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By Valle Dwight
But, this is not to say that it can’t be done. The research has shown that people with dyslexia can learn a second language. Just like with their early learning to read, the best program is a “systematic multisensory structured language approach,” according to the International Dyslexia Association. The IDA has a fact sheet with a list of specific teaching strategies and suggested modifications for teachers teaching a second language to students with dyslexia.
Some languages may be easier to learn than others, says Horowitz. He says that it is often the case that people with learning disabilities are quite successful in learning a foreign language that is, for example, predictable and rule bound (vs. English, which has more exceptions than rules); there are also some alphabets that are easier to learn because the sounds of the letters are always the same (which is not always the case in English).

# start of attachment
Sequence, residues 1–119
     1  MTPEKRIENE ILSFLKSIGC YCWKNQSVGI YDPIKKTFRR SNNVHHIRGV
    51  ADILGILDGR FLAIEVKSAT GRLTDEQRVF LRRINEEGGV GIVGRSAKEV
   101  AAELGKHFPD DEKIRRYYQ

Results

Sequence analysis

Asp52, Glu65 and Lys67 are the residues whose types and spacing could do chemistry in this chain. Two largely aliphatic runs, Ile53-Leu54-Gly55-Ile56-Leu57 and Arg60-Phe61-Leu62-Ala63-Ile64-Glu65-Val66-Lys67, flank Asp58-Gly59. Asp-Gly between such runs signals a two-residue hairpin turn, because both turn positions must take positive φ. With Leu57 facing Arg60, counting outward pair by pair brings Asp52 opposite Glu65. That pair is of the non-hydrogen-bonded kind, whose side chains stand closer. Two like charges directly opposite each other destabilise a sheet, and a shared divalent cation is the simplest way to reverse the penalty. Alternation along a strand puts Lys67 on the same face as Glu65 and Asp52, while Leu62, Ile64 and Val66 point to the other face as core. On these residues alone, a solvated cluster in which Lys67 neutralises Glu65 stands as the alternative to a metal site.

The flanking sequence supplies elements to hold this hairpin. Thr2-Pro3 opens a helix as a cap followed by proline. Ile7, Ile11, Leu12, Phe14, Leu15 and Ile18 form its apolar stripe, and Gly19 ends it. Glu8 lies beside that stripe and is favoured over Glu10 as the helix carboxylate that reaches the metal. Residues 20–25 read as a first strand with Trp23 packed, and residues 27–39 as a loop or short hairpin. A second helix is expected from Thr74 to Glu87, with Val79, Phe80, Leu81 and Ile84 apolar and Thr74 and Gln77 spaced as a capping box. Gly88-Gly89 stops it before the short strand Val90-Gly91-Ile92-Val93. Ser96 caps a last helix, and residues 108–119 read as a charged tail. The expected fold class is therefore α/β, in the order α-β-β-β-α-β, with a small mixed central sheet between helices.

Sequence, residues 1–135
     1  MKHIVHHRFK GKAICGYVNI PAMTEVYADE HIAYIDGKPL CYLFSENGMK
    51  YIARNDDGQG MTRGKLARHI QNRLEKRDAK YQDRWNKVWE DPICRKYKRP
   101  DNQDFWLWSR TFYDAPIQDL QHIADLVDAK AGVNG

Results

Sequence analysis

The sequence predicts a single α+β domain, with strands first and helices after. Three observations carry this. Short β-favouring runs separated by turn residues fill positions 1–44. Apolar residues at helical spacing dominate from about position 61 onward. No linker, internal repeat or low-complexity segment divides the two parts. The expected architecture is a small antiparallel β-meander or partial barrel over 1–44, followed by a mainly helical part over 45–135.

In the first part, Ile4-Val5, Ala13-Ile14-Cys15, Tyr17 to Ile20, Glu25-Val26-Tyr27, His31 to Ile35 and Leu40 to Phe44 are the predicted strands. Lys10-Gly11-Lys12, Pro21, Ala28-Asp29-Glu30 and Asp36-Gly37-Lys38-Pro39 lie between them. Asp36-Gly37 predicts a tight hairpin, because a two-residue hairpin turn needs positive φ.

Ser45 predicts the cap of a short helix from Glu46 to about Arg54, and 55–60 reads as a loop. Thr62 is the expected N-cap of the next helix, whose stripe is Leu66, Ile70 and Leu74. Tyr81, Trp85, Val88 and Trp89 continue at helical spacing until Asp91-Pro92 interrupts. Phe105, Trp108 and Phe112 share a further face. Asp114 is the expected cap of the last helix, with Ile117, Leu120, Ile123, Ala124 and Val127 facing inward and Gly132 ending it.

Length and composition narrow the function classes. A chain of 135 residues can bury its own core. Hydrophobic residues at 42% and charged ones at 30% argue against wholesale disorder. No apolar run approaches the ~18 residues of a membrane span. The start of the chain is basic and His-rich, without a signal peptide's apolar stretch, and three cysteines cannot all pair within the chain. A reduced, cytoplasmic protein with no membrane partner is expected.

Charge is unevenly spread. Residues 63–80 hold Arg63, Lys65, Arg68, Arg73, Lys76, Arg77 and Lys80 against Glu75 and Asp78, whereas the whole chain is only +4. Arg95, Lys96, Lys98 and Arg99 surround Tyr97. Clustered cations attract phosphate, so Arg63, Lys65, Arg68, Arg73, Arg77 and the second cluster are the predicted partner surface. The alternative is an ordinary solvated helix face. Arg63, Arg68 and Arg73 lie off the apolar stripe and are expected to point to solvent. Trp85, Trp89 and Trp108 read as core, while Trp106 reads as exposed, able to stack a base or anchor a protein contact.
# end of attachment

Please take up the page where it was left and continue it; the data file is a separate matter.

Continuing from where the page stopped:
Caroline Gear, director of programs at the International Language Institute of Massachusetts, has found that it’s the student’s motivation along with the teaching method that makes the difference.
“I really think that it's not so much about what's taught, but how it's taught,” she said. “For so many years, folks with learning disabilities were exempt from taking language classes. I think that folks with learning disabilities can learn a language as long as the course is, as we call it, VAKTASTIC. This means, visual, audio kinesthetic, tactile, smell and taste...and the "ic" thrown in there for a wonderful word to remember.”